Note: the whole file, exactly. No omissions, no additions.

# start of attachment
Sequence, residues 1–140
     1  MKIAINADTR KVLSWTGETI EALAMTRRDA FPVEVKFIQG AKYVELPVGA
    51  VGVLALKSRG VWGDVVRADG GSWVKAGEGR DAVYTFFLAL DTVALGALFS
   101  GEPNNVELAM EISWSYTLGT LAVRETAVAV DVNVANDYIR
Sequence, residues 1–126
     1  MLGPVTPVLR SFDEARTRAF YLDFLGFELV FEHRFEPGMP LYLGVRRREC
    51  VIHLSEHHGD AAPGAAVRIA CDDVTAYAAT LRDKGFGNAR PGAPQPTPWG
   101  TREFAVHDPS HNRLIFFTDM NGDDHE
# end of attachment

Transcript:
Sequence, residues 1–140
     1  MKIAINADTR KVLSWTGETI EALAMTRRDA FPVEVKFIQG AKYVELPVGA
    51  VGVLALKSRG VWGDVVRADG GSWVKAGEGR DAVYTFFLAL DTVALGALFS
   101  GEPNNVELAM EISWSYTLGT LAVRETAVAV DVNVANDYIR
Sequence, residues 1–126
     1  MLGPVTPVLR SFDEARTRAF YLDFLGFELV FEHRFEPGMP LYLGVRRREC
    51  VIHLSEHHGD AAPGAAVRIA CDDVTAYAAT LRDKGFGNAR PGAPQPTPWG
   101  TREFAVHDPS HNRLIFFTDM NGDDHE